Iran’s ancient rock art could be among the oldest in the world. An Iranian archaeologist has spent years in an almost single-handed quest across the country’s hills and desert plains to uncover ancient rock art that could be among the oldest in the world.
Dr Mohammed Naserifard, an Iranian archaeologist focuses his research on the desolate, rock-strewn landscape outside the town of Khomein in central Iran.
This landscape that consists of valleys and up steep slopes, reveals dozens more images of ancient hunters, tribal dances, deities and beasts – the rock art of great historical value.
All images are thousands of years old, but some of the markings – such as a line of cup-marks that may have been used in religious ceremonies – could be more than 40,000 years ago, putting them among the oldest rock art on the planet.
But getting definitive data has been all but impossible for Iranian archaeologists. The rock art has never been a priority in Iran, where pre-Islamic history can be a controversial subject. Also the sanctions imposed by world powers prior to last year’s nuclear deal meant Iranian scientists were cut off from their global colleagues, deprived of modern lab equipment and the latest research, and faced severe funding shortages.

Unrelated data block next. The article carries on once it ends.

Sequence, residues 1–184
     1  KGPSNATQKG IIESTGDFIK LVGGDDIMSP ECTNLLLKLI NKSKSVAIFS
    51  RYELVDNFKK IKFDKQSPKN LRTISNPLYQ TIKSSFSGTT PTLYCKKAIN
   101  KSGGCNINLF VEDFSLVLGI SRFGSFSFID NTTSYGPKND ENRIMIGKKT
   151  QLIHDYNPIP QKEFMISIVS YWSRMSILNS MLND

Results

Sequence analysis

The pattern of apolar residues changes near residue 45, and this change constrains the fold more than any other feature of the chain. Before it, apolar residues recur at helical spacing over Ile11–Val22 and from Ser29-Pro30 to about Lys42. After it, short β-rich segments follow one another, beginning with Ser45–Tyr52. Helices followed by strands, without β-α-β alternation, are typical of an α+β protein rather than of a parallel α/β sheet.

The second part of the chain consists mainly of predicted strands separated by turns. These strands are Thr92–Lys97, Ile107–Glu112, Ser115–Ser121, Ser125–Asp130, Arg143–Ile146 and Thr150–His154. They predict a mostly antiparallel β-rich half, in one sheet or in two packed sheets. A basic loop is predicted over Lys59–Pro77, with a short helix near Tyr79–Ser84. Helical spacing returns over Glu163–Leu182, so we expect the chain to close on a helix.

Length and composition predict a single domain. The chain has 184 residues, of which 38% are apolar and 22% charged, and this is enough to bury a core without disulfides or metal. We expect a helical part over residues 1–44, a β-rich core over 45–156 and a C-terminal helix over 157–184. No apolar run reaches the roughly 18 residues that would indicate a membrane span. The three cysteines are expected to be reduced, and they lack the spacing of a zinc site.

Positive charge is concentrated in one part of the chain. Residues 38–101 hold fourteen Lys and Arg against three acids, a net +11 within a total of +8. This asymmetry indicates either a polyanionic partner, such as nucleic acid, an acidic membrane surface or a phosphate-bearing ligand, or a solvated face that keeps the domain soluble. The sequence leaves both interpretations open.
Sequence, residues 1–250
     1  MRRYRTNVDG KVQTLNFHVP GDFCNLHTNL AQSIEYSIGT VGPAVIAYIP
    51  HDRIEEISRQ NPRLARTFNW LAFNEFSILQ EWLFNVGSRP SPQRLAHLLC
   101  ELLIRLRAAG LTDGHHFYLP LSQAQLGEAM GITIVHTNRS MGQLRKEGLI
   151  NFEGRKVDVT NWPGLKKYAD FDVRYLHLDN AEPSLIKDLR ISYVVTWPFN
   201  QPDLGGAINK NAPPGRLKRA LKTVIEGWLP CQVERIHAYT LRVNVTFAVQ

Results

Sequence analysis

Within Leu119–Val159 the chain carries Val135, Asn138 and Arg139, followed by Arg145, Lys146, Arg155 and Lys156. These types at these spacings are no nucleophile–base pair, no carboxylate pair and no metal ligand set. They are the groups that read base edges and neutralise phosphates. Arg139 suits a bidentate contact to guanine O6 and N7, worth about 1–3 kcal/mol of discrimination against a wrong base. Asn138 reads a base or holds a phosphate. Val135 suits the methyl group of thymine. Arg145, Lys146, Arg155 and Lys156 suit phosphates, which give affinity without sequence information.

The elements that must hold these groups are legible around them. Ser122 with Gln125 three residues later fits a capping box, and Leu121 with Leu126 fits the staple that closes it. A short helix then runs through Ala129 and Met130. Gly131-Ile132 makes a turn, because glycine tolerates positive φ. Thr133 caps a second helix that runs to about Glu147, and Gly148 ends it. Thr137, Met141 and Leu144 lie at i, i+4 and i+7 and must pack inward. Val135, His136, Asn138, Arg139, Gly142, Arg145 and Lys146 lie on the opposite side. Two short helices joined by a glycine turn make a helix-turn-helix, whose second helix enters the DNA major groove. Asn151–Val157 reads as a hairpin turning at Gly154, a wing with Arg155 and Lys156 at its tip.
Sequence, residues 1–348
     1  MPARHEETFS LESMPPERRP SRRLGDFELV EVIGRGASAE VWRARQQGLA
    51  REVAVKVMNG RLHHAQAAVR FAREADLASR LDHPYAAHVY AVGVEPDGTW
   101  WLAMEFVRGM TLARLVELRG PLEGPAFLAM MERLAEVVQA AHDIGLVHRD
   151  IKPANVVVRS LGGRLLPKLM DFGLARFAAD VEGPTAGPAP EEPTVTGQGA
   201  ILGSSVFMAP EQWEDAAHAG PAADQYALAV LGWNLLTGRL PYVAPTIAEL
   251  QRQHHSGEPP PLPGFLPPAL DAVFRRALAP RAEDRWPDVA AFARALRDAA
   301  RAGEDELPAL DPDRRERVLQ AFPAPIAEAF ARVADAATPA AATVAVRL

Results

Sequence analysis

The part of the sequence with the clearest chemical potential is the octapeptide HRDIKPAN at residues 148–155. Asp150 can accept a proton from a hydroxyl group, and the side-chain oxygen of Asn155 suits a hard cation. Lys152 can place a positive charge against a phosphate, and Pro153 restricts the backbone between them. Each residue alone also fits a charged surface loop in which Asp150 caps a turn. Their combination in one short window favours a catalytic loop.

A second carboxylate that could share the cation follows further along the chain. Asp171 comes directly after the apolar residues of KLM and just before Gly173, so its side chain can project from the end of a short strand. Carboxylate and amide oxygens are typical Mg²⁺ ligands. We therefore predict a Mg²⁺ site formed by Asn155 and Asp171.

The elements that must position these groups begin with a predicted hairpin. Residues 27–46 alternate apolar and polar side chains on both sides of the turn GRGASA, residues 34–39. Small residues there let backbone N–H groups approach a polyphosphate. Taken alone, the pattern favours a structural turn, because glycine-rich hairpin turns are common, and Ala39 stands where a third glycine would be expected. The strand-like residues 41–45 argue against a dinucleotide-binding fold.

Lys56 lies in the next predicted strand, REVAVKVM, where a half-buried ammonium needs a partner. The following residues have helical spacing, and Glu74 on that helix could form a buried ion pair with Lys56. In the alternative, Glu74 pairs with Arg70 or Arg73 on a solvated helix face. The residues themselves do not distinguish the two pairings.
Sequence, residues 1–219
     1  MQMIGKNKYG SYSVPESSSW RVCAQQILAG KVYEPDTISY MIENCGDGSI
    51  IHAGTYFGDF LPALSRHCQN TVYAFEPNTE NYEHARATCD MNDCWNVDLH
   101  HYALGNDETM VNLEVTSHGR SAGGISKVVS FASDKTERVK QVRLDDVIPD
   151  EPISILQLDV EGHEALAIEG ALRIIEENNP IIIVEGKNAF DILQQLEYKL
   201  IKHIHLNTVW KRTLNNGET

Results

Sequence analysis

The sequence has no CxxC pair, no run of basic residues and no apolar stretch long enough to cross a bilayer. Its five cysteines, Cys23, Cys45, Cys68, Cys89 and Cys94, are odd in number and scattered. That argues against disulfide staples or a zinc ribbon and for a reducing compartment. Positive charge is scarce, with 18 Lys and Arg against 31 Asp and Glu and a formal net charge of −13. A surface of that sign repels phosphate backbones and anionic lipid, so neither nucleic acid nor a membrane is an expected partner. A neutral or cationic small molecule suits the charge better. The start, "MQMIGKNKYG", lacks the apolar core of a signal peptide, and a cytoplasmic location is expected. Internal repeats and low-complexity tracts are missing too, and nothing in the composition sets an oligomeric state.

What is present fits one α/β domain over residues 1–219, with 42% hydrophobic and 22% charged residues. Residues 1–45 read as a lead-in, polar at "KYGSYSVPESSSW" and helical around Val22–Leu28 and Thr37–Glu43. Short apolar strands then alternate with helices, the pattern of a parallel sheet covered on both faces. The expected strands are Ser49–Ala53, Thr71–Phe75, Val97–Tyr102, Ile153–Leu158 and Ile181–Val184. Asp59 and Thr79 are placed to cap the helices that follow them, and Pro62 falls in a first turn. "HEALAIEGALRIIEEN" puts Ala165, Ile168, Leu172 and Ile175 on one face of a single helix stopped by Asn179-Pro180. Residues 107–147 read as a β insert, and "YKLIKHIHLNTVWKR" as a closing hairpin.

Rock art has never been a priority in Iran, where pre-Islamic history can be a controversial subject.
It has been left instead to Naserifard’s personal determination and when he read about the subject in a German magazine, he began to hunt everywhere for examples. Then one day in 2002, in the hills outside Khomein, he got lucky.
He estimates he has since travelled more than 700,000 kilometres (450,000 miles) across two dozen Iranian provinces, unearthing some 50,000 ancient paintings and engravings.
Naserifard’s discoveries support the growing evidence that humans may have started to develop a common art tradition before leaving Africa, which might explain why the same themes and shapes have turned up in sites as far-flung as California, Spain and South Africa.
The Khomein hills are typical of rock art locations around the world – a once-fertile riverside spot that supported sizeable settlements.
As in other places around the world, the artists were fixated by a single image: in Iran, pictures of the ibex deer account for more than 90 percent of the ancient engravings catalogued by Naserifard.
The Kozo hunters of South Africa obsessively drew and redrew a big-horned sheep that looks surprisingly similar.
He said the ibex may have been part of an origin myth, or perhaps the engravings were an attempt to summon magical hunting powers or encourage the deer to multiply.